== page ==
There is a way to prevent so many teenage girls being depressed – but no one wants to admit it


Powerfully written piece by Glosswitch in The Independent’s VOICES column…

Nothing at all to add about the piece, since there is nothing I could possibly add.

I though add how some respond to such truth-speaking: if you venture into the below-the-line comments then you will find much evidence of how what Glosswitch says about the every-day injurious, casually-traumatising,  dystrumpian world we create for all our young – but especially young women – to grow in is, sadly so very real; and also much evidence of how desperately these people too need room to grow and become aware of whatever dark shit lurks inside and us so we can each play our role in creating a bigger space in which to grow.

 

Glosswitch:

“Being a teenage girl is hard, by which I don’t mean your hormones render you an irrational, weeping mess. I mean the world can start to crush you, just at the point when you’re trying to grow. What’s more, it’s a problem that seems to be getting worse.”

“The history of mental health is littered with shameful tales of female madness being misdiagnosed in order to control outspoken women, while genuine symptoms of mental breakdown have been taken seriously only if and when they present in men. “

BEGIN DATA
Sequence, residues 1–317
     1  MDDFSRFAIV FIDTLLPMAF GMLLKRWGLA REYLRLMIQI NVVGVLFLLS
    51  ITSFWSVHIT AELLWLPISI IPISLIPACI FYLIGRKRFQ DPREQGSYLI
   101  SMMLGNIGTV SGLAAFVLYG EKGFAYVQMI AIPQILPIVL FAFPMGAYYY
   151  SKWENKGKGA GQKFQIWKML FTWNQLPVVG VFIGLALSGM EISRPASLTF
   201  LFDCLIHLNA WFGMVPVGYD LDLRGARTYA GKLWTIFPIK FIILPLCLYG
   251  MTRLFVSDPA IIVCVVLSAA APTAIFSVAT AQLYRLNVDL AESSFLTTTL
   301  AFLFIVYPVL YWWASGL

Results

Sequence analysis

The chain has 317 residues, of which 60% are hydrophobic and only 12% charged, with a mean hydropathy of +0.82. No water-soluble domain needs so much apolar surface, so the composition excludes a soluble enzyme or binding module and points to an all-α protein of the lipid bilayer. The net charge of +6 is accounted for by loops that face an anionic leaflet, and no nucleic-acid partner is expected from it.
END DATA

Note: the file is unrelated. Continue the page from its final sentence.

“If the past is another country, female adolescence is a war zone. Puberty transforms you into a walking target overnight. If you’re lucky, other girls get there before you and become your shields.”

“Girls need support in getting through this. They need coping methods. But they also need a different society, one which permits them to take up space, to express their fears and passions rather than internalise them.”

“Teenage girls are not weak. They’re on their way to becoming full-grown women in a world that still treats them as inferior, despite demanding more of their bodies and minds than ever.”

“Being shunted into the space between childhood and womanhood, between having a flat-chested, gender neutral, rough-and-tumble body and one which is seen as fit only for objectification or impregnation, can be hugely traumatising. “

“Millions of girls are not born unhappy.
…it’s time we gave all young women the room they need to grow.”

VOICES: Glosswitch
The Independent 
20th Sep,2017

There is a way to prevent so many teenage girls being depressed – but no one wants to admit it

Pity the girl who’s wearing a bra before she leaves primary school; already she’s ventured over the top, into a no man’s land of groping, cat calls and adult disapproval

Photo: One in four teenage girls is depressed, a new report says – compared to one in 10 boys. Rex 

 

 

 

 

Being a teenage girl is hard, by which I don’t mean your hormones render you an irrational, weeping mess. I mean the world can start to crush you, just at the point when you’re trying to grow. What’s more, it’s a problem that seems to be getting worse.